VTechWorks staff will be away for the Thanksgiving holiday beginning at noon on Wednesday, November 22, through Friday, November 24, and will not be replying to requests during this time. Thank you for your patience, and happy holidays!
The teacher, the writing curriculum and computers: Planning and practice in pedagogy in two second-grade classrooms.
Conrad, Deborah Jacqueline
MetadataShow full item record
This study describes the planning, teaching, and challenges of one classroom teacher during writing time in two second grade classrooms. The study looks at how this teacher planned for and implemented a writing curriculum in which computers played a role and what this teacher did in an attempt to influence children's development as writers. Data collected included four formal interviews with the teacher and observations over a period of two semesters of the teacher as she worked in the classroom and computer lab during writing time. The constant comparative method as described by Maykut and Morehouse (1994) was used to analyze the data. Analysis revealed that this teacher's approach was influenced by state standards and policy guidelines, as well as her early experiences with literacy. In the lab, she focused on helping students develop keyboarding skills through keyboarding exercises, a computer game, and occasional word-proceeding of writing pieces done in the classroom. In the classroom she used a routine that consisted of three pre-writing activities. These involved students in reading materials related to the topic, brainstorming ideas they recalled, mapping relationships among brainstormed ideas, and writing group and individual accounts of their reading. Her approach to teaching in the city was quite similar to the approach she used in the county school. It differed insofar as in the county school she introduced the students to using the computer to conduct information searches about topics in the official state curriculum. Among the challenges she identified in her teaching were time and management problems. Based on these findings, the study identified four foci that might contribute to more effective use of computers in writing instruction. These include the teacher conceptions of literacy, effective planning, effective implementation and classroom management.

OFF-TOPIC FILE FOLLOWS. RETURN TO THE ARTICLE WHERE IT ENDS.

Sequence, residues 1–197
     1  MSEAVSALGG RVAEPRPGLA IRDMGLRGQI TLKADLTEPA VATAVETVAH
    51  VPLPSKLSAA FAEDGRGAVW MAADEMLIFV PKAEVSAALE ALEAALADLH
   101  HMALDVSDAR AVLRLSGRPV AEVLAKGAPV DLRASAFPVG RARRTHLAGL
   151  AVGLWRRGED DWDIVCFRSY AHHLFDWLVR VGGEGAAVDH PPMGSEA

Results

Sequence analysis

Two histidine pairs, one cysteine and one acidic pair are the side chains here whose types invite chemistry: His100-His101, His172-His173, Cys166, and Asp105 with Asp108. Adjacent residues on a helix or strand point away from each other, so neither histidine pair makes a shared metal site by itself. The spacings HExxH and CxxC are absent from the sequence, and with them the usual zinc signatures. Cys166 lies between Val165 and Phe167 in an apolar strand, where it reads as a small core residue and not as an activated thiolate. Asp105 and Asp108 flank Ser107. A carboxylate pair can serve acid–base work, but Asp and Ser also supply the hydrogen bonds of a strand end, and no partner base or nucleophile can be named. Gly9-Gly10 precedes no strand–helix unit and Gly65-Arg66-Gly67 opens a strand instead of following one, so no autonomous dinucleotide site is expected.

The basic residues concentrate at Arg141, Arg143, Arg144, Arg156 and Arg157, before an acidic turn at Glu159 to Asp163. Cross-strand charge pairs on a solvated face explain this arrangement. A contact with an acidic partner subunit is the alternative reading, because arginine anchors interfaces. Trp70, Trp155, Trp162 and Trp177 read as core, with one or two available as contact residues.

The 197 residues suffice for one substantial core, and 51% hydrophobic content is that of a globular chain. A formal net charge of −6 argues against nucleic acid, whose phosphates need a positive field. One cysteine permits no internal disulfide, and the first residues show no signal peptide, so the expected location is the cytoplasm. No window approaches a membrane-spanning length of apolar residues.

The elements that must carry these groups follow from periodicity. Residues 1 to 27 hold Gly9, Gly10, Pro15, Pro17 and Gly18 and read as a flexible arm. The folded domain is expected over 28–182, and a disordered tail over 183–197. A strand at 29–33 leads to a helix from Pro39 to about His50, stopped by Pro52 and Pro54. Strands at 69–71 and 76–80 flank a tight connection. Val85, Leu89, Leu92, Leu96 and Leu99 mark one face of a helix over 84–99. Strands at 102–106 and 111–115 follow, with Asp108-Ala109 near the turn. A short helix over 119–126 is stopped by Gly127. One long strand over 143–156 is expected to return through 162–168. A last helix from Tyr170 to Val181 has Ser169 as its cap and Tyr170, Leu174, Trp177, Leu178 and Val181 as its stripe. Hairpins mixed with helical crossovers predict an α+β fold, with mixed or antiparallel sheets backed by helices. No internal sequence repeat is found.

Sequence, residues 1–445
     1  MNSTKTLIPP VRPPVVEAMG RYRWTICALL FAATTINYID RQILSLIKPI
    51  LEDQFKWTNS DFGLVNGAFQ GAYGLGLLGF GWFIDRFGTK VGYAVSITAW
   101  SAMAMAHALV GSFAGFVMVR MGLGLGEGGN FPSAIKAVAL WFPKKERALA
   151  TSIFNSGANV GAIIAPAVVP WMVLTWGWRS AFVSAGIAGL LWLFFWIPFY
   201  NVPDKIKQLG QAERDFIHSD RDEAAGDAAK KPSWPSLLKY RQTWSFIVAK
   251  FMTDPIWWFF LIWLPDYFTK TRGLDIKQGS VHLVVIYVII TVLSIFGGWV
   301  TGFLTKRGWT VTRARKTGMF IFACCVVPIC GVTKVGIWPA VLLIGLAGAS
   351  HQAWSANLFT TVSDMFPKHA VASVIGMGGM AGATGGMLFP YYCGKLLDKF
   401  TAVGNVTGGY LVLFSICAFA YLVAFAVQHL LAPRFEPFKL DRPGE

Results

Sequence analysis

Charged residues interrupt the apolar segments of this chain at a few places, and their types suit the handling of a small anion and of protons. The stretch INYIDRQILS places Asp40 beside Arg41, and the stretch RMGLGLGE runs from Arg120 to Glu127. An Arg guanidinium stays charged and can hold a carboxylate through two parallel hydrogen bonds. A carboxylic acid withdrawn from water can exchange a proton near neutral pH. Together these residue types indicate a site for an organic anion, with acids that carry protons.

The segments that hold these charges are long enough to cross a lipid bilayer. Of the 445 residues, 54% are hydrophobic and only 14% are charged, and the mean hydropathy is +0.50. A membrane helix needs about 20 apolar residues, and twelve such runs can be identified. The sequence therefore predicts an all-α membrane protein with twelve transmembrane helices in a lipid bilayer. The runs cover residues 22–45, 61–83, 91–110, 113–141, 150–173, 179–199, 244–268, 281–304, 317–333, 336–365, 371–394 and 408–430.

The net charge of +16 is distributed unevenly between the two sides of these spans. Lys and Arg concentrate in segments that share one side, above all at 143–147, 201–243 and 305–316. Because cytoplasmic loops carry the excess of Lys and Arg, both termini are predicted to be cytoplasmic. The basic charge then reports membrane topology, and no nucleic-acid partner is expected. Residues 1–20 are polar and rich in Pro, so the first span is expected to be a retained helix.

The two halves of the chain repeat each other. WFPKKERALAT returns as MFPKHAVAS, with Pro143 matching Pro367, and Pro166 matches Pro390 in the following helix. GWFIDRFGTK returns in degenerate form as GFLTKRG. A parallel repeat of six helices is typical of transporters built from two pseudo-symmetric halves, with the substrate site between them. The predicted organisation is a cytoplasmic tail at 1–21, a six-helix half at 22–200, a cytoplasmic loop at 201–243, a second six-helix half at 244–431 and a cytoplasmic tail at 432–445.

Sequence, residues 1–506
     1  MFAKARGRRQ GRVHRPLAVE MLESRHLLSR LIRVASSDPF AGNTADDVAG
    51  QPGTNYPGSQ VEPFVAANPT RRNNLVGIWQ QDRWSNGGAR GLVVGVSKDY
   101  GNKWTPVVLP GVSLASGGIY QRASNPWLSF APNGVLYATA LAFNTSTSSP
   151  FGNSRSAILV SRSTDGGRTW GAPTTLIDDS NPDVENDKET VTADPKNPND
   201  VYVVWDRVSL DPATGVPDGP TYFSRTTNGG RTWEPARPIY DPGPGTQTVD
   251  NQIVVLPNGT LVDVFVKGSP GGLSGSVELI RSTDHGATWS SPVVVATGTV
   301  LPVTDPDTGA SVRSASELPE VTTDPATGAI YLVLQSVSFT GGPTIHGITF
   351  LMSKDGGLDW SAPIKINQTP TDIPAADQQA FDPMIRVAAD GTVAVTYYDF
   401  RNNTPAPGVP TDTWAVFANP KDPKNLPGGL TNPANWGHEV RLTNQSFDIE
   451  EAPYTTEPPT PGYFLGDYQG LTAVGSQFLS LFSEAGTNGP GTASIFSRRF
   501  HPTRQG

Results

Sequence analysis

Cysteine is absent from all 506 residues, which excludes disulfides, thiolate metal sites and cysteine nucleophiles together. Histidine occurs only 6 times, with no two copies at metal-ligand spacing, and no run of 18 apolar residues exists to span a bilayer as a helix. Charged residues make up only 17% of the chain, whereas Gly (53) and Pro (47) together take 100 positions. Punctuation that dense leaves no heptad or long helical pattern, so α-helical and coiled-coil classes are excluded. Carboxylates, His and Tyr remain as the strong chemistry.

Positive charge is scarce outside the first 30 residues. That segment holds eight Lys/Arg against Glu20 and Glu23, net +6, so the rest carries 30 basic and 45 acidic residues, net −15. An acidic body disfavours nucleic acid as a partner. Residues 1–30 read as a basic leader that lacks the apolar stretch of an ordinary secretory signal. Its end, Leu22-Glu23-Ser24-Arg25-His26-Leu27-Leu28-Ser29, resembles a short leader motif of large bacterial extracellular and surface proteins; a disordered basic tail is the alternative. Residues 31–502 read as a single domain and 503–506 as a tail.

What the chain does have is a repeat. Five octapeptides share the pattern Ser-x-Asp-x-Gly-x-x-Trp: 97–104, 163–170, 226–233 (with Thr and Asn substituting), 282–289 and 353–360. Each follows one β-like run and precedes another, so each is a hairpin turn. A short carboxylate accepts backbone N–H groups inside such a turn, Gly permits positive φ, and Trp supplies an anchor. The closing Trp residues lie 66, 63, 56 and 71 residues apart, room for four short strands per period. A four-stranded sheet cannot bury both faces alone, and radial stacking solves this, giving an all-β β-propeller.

- Doctoral Dissertations